However, the group's spokesman, Sheikh Mukhtar Robow, suggested aid agencies could work freely in the region.
"They are helping the deprived and thirsty people in the region; I don't think it's right to force them to register," Robow said at a news conference in Baidoa, the former seat of the Somali parliament. "We appreciate how they have assisted the people in the past and hope they will continue doing the same."
The aid agencies and workers find it difficult to know what to do. Not only does A-Shabab offer mixed messages, but the government offers its own directives.
"We are informing all aid agencies to register with the government and the government will be responsible for their security," Abdiqadir Mohamed Walayo, spokesman for the Somali premier, told reporters in Mogadishu.
It will not be easy to adhere to orders from the government and opposition while operating throughout the country.
"Since we want protection, we have to accept all the orders," a Somali aid worker in Mogadishu who asked to remain anonymous said by phone. "Large parts of the country are no-go areas and it is now impossible to have a clear picture of the humanitarian situation on the ground."
The Somali government needs its forces trained to establish security so that civilians and aid workers can perform their daily duties without restraint, said Mohamed Muse, a Somali analyst based in neighboring Kenya; most foreign aid agencies are now located in its capital, Nairobi.
Several Somali regions have been hit by severe droughts but are receiving no aid.
"We need food and water, but all we get is some insufficient stuff from our brothers in the region," said Fatima Ali, a mother of five who lives on the northern outskirts of Kismayo, which faces the effects of a severe drought.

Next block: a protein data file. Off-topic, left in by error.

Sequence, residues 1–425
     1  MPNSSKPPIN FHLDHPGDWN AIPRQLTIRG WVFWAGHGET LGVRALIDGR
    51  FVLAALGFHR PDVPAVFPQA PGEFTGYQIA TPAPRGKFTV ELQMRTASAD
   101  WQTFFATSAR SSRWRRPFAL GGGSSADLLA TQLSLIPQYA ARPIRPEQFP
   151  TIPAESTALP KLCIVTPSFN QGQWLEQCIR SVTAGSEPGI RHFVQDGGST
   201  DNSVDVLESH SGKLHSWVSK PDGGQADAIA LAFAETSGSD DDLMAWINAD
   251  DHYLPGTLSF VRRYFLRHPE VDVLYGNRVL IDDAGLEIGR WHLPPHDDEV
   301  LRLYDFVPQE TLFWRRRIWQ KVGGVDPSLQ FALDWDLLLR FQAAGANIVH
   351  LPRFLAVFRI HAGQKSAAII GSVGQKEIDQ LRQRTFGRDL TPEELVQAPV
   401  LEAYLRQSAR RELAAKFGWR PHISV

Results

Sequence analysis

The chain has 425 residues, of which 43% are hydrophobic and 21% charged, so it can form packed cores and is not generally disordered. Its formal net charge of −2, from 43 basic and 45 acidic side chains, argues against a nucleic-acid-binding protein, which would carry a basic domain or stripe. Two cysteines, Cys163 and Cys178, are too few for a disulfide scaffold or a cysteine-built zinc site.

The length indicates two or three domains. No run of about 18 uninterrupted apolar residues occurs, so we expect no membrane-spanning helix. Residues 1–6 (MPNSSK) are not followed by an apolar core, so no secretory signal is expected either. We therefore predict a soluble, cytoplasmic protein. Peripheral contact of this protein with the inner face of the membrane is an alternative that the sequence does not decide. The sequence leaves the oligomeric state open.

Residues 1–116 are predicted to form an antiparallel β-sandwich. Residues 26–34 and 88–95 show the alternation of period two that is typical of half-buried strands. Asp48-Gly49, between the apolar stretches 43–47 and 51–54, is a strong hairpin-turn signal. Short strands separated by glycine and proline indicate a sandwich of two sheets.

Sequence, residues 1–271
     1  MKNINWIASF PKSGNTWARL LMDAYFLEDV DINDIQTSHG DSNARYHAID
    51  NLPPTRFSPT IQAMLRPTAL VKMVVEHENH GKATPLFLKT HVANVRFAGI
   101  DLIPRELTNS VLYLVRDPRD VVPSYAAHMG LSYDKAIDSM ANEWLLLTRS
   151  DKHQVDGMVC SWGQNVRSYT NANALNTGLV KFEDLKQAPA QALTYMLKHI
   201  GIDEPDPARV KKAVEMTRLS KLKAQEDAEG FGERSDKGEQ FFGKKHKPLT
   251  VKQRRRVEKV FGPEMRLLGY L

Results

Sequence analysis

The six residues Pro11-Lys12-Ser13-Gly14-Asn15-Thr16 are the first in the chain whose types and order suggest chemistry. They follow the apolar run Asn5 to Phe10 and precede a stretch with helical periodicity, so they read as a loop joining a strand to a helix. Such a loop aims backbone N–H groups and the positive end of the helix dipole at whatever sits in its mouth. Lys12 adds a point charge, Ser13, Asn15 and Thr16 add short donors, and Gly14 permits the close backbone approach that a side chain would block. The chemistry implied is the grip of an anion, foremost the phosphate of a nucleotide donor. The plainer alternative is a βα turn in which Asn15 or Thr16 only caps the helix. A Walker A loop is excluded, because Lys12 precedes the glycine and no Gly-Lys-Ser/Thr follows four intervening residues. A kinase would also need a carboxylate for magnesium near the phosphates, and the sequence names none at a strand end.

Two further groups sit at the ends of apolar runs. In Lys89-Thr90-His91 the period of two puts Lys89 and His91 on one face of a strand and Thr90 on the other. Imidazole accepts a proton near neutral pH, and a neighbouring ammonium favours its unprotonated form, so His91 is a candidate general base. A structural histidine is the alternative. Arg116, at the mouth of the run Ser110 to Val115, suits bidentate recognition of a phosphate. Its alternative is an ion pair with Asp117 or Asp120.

More than 3 million people in Somalia are in acute need of food or medical aid.
Violence against aid workers has reduced since Sheikh Sharif Sheikh Ahmed was elected the country's president earlier this year, as he vowed reconciliation with his opponents when he was elected. However, he has not taken any concrete steps to prevent the attacks.
Ahmednor, a local aid worker, said the Somali government's pledge to improve the security of aid workers is the only chance to provide some reliable protection to the humanitarian agencies, but the government only controls small parts of the country.
He urges all the armed groups in Somalia to respect the aid agencies and their staff since they are independent organizations.
The year 2008 was one of the worst for the aid agencies in Somalia in terms of killings and abductions; most of the country's streets were closed by Ethiopian troops, and food aid trucks were forced to undergo rigorous security checks.
The aid workers The Media Line spoke with have become more optimistic in recent weeks, following the formation of the new government. However, they realize the government's geographic sphere of influence is extremely limited. People remain hungry.